Over the last year, The Atlanta Journal-Constitution has collected data from several thousand bankruptcies in Georgia as part of an effort to understand the economic impact of COVID-19 on Georgians.
The legal mechanism of last resort, bankruptcy is the plea for help at the end of a grueling road littered with collection calls, deferred medical treatment and repossessions. A debtor, resigned to the unattainable sum of their debts, asks the court to dismiss much of what they owe. They ask for a second chance at financial life.
This is why Robert Lawless, professor of law at the University of Illinois, calls bankruptcy “The Law of the Second Chance and the Law of the Broken Promise.” His research, based on Consumer Bankruptcy Project survey data, estimates that two thirds of people who eventually file for bankruptcy struggled financially for at least two years before filing. Half of those strugglers sold cars, furniture, and other items to pay their debts. Sixty percent went without medical care of any kind.
This is the second chance of bankruptcy. Wages that were garnished or immediately handed off to pay debts can be used after bankruptcy for health care or food or electricity.
As a nonprofit journalism organization, we depend on your support to fund critical stories in local U.S. newsrooms. Donate any amount today to become a Pulitzer Center Champion and receive exclusive benefits!
But bankruptcy can also represent a promise broken for some filers. Young Americans hope that a college education can be a pathway to a living wage and the middle class. But our analysis revealed that hope failed to deliver for poor Georgians who took on student loan debt. One in 10 filers with student loan debt were below the poverty line, owing an average of $10,000, according to the data.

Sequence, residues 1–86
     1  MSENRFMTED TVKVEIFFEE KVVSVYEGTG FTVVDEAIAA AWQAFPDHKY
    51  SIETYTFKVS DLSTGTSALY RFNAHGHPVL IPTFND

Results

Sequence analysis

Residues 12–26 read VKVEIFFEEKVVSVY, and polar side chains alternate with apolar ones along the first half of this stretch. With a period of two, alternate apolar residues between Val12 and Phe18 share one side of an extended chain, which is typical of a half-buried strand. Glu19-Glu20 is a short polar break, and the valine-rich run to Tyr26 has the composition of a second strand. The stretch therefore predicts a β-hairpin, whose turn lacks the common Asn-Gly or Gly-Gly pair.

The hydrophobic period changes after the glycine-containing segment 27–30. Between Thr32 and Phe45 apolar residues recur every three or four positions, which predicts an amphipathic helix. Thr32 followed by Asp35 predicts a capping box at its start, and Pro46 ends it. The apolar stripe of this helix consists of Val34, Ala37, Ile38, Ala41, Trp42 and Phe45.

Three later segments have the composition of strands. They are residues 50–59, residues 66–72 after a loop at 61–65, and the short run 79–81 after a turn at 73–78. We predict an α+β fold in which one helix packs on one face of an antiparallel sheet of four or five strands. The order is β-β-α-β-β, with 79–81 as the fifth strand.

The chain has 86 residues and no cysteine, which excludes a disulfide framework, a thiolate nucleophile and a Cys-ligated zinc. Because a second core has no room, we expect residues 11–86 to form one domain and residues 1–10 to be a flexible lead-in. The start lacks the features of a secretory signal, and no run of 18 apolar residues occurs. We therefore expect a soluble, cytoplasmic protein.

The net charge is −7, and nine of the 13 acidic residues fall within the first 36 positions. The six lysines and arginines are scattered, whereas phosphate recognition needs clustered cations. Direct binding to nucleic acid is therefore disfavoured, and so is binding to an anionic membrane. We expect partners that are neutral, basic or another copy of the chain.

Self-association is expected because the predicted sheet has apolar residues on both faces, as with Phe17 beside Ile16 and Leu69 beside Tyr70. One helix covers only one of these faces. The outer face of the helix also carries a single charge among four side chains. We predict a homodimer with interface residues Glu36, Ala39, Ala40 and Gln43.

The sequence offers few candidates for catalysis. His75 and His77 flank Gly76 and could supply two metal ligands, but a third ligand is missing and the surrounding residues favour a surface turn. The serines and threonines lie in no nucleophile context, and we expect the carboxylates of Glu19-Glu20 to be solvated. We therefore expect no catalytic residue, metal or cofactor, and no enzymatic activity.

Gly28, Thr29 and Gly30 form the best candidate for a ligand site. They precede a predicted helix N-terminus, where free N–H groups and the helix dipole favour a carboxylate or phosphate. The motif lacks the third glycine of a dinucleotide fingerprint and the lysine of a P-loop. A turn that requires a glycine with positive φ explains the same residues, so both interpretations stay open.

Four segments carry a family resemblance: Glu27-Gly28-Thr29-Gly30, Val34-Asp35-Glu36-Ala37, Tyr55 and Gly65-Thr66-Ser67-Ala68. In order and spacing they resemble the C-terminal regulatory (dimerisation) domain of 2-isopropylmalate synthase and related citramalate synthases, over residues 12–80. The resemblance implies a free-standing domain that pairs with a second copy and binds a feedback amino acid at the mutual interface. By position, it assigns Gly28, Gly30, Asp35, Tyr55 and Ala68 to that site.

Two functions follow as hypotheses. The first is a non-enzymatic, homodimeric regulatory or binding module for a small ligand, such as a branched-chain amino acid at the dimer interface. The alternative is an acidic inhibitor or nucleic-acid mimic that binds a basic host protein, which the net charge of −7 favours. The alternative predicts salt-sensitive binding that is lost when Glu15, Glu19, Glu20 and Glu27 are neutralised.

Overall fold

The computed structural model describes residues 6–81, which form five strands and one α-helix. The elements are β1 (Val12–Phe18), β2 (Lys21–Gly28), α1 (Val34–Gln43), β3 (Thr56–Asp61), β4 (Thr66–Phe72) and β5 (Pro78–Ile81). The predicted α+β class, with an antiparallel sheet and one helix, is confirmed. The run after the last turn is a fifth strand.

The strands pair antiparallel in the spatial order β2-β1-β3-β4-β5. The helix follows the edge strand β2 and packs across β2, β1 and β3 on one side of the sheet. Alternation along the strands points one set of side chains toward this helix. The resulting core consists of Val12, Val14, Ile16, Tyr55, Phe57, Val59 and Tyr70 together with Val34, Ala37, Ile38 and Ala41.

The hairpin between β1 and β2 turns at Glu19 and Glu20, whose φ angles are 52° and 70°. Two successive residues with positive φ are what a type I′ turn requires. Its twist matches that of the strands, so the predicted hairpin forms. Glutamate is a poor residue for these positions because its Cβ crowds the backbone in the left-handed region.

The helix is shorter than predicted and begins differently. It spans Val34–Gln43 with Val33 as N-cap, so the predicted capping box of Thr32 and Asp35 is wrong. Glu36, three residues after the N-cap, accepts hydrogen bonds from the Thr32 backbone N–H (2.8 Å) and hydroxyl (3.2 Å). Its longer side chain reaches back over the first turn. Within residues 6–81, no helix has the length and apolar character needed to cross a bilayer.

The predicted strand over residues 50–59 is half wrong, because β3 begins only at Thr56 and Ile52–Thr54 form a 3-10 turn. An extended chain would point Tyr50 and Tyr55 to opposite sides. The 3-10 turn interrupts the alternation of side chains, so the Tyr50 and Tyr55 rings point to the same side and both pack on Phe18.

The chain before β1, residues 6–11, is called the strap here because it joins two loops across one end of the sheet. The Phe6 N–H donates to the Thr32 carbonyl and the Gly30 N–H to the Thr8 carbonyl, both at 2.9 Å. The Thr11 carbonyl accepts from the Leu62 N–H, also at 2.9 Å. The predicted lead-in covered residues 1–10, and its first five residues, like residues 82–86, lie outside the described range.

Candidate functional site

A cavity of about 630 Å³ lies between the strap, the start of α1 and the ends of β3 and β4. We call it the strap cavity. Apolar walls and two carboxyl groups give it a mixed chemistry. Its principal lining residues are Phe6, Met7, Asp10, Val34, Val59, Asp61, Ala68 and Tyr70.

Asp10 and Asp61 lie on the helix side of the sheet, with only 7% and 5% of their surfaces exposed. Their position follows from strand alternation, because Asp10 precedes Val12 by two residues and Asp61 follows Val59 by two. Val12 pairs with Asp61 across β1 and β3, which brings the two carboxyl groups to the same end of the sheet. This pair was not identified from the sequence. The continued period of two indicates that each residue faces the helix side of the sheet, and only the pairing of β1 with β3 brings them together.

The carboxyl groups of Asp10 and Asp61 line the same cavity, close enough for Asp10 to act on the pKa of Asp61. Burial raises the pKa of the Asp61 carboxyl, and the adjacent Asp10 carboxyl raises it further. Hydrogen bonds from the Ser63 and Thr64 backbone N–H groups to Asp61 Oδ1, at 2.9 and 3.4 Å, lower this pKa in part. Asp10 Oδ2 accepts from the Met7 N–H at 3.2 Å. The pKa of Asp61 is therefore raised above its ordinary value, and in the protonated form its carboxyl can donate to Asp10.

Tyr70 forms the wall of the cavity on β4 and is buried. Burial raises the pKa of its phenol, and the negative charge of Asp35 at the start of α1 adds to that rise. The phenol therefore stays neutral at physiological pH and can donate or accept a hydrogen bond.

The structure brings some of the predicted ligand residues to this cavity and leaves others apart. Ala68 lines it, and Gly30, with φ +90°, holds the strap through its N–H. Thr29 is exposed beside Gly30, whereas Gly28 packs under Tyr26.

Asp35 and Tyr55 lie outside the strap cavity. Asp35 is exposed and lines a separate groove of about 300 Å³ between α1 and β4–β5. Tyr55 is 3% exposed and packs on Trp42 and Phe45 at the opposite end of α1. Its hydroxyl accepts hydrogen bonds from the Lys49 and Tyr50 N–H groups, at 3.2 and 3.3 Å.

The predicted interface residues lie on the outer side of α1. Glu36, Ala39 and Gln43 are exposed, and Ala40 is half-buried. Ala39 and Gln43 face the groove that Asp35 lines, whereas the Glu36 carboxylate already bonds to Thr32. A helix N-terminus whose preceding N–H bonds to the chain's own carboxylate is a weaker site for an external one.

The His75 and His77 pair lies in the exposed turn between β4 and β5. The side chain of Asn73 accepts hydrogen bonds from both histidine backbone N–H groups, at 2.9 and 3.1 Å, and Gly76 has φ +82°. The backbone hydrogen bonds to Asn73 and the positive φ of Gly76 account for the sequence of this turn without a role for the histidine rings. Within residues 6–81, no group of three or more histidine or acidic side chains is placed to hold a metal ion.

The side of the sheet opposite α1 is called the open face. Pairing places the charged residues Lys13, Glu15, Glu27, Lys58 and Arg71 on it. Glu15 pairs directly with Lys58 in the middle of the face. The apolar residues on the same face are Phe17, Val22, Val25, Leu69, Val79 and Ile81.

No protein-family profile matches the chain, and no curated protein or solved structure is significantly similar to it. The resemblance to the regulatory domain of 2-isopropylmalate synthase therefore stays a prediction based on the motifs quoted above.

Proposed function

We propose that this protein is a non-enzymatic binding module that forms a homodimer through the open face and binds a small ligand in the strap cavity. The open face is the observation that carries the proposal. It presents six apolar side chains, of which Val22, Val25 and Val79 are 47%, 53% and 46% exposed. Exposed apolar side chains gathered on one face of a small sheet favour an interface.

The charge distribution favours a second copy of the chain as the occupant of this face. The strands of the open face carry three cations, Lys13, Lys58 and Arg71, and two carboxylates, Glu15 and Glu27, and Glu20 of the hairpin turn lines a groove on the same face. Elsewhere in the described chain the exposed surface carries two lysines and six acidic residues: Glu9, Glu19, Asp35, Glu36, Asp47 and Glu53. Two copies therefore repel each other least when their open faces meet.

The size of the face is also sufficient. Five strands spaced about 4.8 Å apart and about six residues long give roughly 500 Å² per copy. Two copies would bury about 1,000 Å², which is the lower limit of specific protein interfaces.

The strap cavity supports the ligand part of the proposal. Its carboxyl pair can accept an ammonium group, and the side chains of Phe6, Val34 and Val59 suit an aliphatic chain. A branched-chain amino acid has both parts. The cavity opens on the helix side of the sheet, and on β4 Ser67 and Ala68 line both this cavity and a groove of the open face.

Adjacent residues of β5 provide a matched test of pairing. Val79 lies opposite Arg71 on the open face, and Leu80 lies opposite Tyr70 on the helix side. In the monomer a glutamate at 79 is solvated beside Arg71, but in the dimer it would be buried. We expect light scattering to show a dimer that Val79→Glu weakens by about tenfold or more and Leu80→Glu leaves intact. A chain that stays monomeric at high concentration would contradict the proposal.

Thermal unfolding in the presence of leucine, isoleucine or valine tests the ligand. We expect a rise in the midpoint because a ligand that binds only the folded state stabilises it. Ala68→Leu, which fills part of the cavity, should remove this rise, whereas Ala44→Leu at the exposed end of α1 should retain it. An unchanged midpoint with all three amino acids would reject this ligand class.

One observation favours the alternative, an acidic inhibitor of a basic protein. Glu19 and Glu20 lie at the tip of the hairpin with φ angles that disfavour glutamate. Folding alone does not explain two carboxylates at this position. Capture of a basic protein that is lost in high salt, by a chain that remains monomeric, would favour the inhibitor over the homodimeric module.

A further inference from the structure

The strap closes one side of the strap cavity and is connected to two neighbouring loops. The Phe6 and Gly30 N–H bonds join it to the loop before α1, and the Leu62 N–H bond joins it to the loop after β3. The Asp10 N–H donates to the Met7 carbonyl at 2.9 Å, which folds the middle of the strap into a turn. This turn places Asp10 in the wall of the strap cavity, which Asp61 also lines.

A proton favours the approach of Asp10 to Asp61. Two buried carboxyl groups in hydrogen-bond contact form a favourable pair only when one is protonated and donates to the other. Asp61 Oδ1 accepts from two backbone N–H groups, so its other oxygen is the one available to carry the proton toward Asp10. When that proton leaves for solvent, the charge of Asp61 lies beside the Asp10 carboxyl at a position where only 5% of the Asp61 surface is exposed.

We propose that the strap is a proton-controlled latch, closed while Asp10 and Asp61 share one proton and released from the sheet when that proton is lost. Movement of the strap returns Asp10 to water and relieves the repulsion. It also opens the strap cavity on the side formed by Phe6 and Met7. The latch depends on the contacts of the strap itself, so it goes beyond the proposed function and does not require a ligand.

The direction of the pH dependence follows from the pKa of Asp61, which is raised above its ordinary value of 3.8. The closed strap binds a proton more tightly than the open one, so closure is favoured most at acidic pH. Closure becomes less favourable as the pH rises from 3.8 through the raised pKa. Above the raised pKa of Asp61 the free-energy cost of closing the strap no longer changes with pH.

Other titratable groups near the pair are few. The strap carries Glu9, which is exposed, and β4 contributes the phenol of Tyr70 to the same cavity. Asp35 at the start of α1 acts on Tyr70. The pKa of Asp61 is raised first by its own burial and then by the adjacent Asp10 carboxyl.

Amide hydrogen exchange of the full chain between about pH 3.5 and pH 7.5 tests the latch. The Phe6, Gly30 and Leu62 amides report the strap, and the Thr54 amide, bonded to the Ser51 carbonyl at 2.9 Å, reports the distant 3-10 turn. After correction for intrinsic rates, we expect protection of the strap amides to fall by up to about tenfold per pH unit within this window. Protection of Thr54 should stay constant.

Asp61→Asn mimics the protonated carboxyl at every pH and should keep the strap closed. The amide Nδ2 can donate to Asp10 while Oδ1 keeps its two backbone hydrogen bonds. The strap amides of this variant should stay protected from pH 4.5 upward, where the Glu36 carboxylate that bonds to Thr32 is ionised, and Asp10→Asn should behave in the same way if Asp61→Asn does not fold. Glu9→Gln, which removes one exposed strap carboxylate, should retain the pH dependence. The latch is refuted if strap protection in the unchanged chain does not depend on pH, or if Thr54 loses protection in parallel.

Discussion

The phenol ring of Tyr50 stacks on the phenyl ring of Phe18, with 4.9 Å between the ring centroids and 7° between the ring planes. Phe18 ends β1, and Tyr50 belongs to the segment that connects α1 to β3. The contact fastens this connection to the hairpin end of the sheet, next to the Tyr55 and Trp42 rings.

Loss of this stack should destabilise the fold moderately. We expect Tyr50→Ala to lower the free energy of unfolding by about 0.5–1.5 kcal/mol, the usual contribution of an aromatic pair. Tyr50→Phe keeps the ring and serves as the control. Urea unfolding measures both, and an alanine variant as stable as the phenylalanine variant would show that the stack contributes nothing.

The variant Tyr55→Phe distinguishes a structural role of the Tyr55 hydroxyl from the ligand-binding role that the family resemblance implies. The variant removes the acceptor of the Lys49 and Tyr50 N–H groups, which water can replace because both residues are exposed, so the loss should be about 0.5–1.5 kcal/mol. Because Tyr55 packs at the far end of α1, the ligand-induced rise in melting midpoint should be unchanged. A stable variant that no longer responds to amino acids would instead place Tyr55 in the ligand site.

In all, the 2,000 bankrupt Georgians in our analysis owed nearly $220 million scattered over 40,000-plus debts.
Bankruptcies are a lagging economic indicator and stalled during the pandemic. But they are expected to pick back up as the fallout of the pandemic washes through the economy. The AJC plans to dig deeper into them in 2021 to inform readers about the financial and human costs of this seismic jolt to our economy.
Read the highlights of our latest findings below and then use our data explorer at the bottom to learn for yourself what role different debts played in the bankruptcies of different demographic groups. The AJC analyzed differences among white and Black filers, and among poorer and wealthier filers to show the different debts the groups owed. The data revealed some similarities, but also statistical differences among racial groups and income levels.
Please visit The Atlanta Journal-Constitution to view the accompanying interactive infographics.
The policy picture
In December 2020, Sen. Elizabeth Warren, D-Mass., introduced a bankruptcy reform bill intended to address inequities facing debtors. Her bill would make student loan debt dischargeable in bankruptcy, which is, effectively, not currently permitted.
It would allow low-asset, low-income bankruptcy filers to discharge nearly all their unsecured debts without paying filings fees, which currently presents a financial obstacle to a disproportionate amount of Black filers and all poor filers.
The law also makes mortgage modification possible during bankruptcy, something that is already the case for many other kinds of debts. Given that a significantly larger percentage of Black filers’ homes were underwater because of their mortgage terms, this provision could help level the playing field for Black filers.
“Consumer bankruptcy itself cannot solve the racial disparities ... that plague African Americans,” wrote Lawless, who supports Warren’s plan. But it can “address racial disparities within the consumer bankruptcy process.”
To see this report in full and its corresponding data visualization and infographics, click here.